Though they are presently the only species in the genus Passerculus, there are many different kinds of Savannah Sparrows! Depending on which resource you are looking at there may be as many as 19 subspecies of this bird, although it seems likely that at least 3-4 of those will be elevated to full species status. They often exhibit natal philopatry, which is the strong tendency to return to their birthplace for breeding. It is thought that this shrinking of genetic diversity in a given area has been the evolutionary force driving their differentiation into a plethora of subspecies.
Passerculus sandwichensis are ground foraging birds, and can be secretive when hunting food. They seem to prefer running into cover when disturbed, but aren’t hesitant to fly when caught in the open, doing so just above the brushtops. Males are prolific singers during mating times, and will stand their perch on brush, shrubs, or fences, when so engaged, allowing relatively close approach.
This is a handsome sparrow with fairly bold patterning, which nonetheless offers good camouflage when they are on the ground. But, at least early in the mating season, they are not a hard bird to find, with males singing lustily from many an exposed perch in their open habitat. And they can be an easy bird to identify, the combination of yellow lores/eyebrow and streaked breast being diagnostic in our region. Unfortunately the yellow is not always noticeable or present, and then you have to work a little harder.
Description– Medium sized sparrow (5.5-6” tall) with a white or buff colored, finely streaked breast with small breast spot; brown crown with narrow, light colored median strip; usually, but not always, with yellow lores and eyebrow; dark eyeline; brown tail with dark streaks; brown wings and back with dark streaks; pink bill.
Similar species-Song Sparrow darker, wider streaks on a grayer breast, larger breast spot, lacks yellow lores; Lincoln’s Sparrow smaller, more buffy overall, lacks dark streaking of tail, lacks yellow lores; Vesper Sparrow has less breast streaking, has a chestnut brown ‘shoulder’, has white on outside of tail, lacks yellow lores.
Habitat– Grassy, shrubby, open areas, including agricultural fields and mountain meadows, up to 7,000’ elevation.
Range-North America; region wide from April to September.
Eats-Seeds and berries year around, and insects when available, especially targeting them during breeding season.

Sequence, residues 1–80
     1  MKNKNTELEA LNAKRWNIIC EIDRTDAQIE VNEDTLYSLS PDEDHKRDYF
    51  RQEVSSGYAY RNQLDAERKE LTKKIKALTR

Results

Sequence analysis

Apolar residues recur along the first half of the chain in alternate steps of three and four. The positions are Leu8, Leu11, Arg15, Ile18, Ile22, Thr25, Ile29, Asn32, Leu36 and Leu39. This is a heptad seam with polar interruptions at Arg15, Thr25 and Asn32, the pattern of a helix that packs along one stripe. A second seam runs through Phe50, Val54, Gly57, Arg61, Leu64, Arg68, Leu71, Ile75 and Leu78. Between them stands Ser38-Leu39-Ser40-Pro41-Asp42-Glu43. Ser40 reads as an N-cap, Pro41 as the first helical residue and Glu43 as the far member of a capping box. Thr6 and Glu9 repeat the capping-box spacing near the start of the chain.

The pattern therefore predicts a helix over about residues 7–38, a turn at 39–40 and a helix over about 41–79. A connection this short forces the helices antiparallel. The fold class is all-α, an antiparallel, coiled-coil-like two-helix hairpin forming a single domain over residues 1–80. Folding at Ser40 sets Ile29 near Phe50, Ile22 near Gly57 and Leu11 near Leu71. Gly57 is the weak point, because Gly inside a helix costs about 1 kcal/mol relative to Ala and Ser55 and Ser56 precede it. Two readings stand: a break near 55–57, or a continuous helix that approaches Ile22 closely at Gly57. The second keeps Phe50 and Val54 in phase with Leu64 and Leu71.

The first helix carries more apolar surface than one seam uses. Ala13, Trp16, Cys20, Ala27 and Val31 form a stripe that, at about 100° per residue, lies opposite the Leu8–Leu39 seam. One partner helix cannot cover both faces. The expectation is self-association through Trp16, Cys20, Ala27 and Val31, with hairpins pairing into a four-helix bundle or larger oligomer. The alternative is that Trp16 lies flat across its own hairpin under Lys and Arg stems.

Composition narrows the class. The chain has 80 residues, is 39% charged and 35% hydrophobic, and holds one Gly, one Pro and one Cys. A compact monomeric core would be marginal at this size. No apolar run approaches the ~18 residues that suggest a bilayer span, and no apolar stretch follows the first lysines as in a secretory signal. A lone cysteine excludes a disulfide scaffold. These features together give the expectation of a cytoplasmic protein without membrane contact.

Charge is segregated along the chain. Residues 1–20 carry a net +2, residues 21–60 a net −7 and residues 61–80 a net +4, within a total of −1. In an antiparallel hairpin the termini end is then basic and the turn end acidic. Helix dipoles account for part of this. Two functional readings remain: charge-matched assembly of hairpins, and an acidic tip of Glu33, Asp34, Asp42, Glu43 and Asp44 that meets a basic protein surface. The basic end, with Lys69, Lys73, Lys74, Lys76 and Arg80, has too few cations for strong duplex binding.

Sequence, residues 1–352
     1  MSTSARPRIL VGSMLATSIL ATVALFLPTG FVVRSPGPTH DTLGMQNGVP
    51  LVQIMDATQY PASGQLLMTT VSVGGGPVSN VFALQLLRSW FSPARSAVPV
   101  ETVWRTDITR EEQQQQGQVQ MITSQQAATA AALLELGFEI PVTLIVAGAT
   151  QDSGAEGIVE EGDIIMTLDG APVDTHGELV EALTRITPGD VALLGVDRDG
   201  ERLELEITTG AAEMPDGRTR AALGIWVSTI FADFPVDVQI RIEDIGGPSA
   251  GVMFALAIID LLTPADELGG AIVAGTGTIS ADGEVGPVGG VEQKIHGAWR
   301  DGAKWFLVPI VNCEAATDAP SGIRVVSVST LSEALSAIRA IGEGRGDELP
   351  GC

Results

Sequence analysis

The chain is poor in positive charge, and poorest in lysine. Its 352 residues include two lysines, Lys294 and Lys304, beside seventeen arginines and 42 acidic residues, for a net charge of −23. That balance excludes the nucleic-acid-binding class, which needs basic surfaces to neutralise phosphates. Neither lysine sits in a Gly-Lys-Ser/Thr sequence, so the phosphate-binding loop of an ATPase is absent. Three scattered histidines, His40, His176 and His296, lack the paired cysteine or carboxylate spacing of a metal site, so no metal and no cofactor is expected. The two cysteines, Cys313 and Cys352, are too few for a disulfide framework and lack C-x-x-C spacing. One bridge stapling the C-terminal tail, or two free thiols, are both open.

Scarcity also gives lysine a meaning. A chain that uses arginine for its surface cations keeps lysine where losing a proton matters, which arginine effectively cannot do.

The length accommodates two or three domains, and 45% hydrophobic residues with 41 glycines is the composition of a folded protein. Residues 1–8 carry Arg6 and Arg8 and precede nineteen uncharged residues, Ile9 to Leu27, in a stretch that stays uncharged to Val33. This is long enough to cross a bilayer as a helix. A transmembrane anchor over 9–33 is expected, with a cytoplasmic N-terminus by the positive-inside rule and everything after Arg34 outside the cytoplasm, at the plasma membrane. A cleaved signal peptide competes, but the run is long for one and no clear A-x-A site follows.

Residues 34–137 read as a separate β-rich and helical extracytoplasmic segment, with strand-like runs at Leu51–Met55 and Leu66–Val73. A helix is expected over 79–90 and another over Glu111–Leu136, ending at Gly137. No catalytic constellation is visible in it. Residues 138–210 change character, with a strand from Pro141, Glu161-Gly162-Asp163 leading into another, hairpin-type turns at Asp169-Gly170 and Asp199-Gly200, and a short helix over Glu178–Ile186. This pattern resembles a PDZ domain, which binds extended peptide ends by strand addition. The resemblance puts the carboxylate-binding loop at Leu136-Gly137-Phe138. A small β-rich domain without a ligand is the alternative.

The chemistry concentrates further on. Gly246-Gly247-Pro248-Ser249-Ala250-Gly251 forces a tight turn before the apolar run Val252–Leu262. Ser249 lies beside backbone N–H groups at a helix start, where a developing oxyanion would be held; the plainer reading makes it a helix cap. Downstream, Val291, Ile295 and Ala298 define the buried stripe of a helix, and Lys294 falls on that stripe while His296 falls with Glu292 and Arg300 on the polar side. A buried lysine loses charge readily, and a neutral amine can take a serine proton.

Eaten by-Carnivorous mammals of all sorts prey on the young, and bird eating raptors attack chicks and adults.
Reproduction– Can be either monogamous or polygamous, but successful breeders tend to pair again the following year; builds a cup nest on the ground, usually in dense and/or overhanging foliage; clutch size 4-5 eggs, incubation 10-13 days, young leave nest at 10-12 days, but cannot fly; The parents must gather more than their own body weight of food each day to sustain themselves and their chicks, while they are in the nest; they continue to feed the young until they fledge, which is usually about 3 weeks after hatching.
Adults active-They are primarily in our region during breeding season, and I’ve never seen one here between November and March, but I have seen reports of year around populations in the Willamette Valley, Puget Trough, Columbia Basin, and sw BC.
Etymology of names–Passerculus is a Latin word for sparrow. The specific epithet sandwichensis is a bit of a mystery. This appellation is usually given to organisms associated with the Sandwich Islands (Hawaii), but I can’t find a connection for this bird to that locale. Possibly it was named for John Montagu, 4th Earl of Sandwich, who used his position as First Lord of the Admiralty to secure funds for various expeditions. But I cannot seem to confirm anything for sure. The common name Savannah Sparrow comes from Savannah, Georgia, the location of one of the first specimens of this species that was collected.